Adam Helweh: Well, and in addition to that, humans, people have become more sophisticated in their use of technology. They've become more sophisticated in their needs and their ability to add search engines and all these other things to their daily life, and so Google, especially considering what its bread and butter is, most of it is about the advertising and people coming to the search engine as many times as possible every day to find utility with it. All the changes they've made from an SEO perspective in ranking factors such as mobile readiness and page speed and all these other things are all related to experiential elements-
Ryan Brock: That's right. Yeah.
Adam Helweh: That either kill or bolster the experience of the end user coming to that website and send signals to Google that this site is not only ranking well because of the content, but overall, the experience matters, and so they've just got to continue to go that direction. I actually, sometimes I like to call SEO rather than search engine optimization because we're not optimizing the search engine. It's search experience optimization. We're optimizing the experience of what we are connecting through our metatags, help people find what they need in a search result, and decide whether it's the right thing to click. So even if our content itself is well ranked and is appropriate for the search query, if the metatags aren't good, nobody's going to click through it. So boom, that experience is cut off right there and on the website, the mobile readiness and the page feed is all about experience.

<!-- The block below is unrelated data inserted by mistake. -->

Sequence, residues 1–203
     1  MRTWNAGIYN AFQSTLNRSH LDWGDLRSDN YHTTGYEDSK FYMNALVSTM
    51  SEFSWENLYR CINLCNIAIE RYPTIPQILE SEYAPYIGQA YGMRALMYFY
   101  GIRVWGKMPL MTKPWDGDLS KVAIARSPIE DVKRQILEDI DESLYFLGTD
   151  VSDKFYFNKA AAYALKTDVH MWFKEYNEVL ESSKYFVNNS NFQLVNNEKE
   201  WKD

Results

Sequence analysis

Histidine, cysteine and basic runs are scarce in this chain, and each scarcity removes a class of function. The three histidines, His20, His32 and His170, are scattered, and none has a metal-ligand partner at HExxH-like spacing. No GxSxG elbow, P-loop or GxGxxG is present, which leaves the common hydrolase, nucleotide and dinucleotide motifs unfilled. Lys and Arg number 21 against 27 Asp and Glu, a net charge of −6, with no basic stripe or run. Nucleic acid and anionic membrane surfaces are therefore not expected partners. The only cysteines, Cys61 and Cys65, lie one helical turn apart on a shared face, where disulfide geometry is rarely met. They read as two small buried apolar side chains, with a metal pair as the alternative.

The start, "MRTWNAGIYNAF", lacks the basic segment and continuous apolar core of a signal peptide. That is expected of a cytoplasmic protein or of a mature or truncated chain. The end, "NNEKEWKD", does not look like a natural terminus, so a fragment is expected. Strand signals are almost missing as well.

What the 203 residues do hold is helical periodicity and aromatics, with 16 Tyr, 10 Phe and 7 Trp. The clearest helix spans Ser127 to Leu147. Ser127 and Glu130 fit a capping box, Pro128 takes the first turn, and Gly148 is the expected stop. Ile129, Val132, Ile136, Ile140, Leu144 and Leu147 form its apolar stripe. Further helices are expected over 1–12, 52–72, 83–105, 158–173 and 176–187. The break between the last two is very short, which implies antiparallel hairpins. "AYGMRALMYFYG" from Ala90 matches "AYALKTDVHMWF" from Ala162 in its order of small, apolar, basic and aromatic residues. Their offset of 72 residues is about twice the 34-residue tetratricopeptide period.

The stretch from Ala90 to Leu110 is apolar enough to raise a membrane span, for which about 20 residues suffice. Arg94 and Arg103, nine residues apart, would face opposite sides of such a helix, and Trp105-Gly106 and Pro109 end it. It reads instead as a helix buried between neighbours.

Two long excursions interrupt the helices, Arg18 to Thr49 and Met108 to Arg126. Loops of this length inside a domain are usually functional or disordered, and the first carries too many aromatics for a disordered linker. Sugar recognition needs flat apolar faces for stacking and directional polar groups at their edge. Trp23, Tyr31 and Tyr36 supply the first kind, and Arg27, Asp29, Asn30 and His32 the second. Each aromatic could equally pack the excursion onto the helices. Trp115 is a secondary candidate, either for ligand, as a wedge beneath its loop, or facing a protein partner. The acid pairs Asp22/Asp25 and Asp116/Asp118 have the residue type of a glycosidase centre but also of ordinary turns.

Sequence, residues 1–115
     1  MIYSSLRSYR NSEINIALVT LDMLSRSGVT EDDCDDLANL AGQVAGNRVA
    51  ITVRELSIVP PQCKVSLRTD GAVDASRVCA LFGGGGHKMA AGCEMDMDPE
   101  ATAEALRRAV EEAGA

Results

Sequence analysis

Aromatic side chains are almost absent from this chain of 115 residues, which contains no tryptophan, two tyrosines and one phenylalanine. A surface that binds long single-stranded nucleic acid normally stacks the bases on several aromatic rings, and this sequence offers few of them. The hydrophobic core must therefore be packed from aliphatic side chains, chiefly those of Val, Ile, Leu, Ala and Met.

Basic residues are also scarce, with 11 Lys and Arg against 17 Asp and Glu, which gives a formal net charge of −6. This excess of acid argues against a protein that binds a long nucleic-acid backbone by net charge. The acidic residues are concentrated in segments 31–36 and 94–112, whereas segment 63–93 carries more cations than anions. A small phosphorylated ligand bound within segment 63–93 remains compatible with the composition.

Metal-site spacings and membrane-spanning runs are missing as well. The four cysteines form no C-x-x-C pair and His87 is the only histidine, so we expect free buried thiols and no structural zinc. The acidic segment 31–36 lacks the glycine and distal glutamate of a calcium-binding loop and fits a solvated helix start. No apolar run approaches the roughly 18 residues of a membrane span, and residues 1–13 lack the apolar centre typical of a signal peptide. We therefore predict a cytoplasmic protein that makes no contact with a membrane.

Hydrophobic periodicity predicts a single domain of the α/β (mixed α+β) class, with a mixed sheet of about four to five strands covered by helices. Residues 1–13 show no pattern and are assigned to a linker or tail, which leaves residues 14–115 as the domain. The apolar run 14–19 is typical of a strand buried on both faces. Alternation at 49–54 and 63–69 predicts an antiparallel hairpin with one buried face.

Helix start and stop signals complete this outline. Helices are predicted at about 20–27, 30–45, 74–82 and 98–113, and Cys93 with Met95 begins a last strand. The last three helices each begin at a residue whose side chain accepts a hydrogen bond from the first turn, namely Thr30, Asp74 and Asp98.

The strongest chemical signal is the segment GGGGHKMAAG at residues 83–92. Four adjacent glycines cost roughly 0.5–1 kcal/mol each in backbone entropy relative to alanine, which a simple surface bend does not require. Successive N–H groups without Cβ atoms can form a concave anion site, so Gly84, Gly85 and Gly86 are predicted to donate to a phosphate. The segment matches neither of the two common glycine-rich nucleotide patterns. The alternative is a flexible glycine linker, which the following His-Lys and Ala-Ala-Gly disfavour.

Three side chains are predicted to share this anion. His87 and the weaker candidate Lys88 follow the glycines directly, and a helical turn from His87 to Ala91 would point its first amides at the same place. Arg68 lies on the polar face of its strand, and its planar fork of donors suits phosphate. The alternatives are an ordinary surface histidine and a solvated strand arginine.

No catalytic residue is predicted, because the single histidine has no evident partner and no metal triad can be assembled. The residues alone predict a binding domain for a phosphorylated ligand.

Ryan Brock: Yeah. It's not just the search. It's like what are you giving them when they get there and then what are you giving them as a next step? Can I go deeper? Can I go broader? Can I go somewhere else? It's that experience. I love that.
Christopher Day: Yeah. I never heard that phrase before and I love it as well. I think it's spot on.
Ryan Brock: So what tools do you use today, and let's talk less about research because we know a lot about that, but what tools do you use today to help you and your team, and I'd also be curious to know how you currently are creating the content for yourself, for customers? What resources do you use for that, but what tools do you use that help you feel like you know what? We're actually doing what we're supposed to be doing. We're on target here, we're speaking to the right people, we're checking the right boxes, and the experiences is on point.